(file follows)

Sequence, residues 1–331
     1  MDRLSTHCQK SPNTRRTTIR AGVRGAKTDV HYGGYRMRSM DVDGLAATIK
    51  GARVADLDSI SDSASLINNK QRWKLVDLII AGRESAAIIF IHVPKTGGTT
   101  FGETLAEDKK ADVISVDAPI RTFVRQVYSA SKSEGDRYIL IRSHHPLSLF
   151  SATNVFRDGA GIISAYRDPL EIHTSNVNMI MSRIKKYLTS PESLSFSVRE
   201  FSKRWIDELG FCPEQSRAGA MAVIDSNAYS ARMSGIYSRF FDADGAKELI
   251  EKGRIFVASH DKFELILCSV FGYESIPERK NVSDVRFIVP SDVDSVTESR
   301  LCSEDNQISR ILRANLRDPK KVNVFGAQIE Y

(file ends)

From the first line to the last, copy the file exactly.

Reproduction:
Sequence, residues 1–331
     1  MDRLSTHCQK SPNTRRTTIR AGVRGAKTDV HYGGYRMRSM DVDGLAATIK
    51  GARVADLDSI SDSASLINNK QRWKLVDLII AGRESAAIIF IHVPKTGGTT
   101  FGETLAEDKK ADVISVDAPI RTFVRQVYSA SKSEGDRYIL IRSHHPLSLF
   151  SATNVFRDGA GIISAYRDPL EIHTSNVNMI MSRIKKYLTS PESLSFSVRE
   201  FSKRWIDELG FCPEQSRAGA MAVIDSNAYS ARMSGIYSRF FDADGAKELI
   251  EKGRIFVASH DKFELILCSV FGYESIPERK NVSDVRFIVP SDVDSVTESR
   301  LCSEDNQISR ILRANLRDPK KVNVFGAQIE Y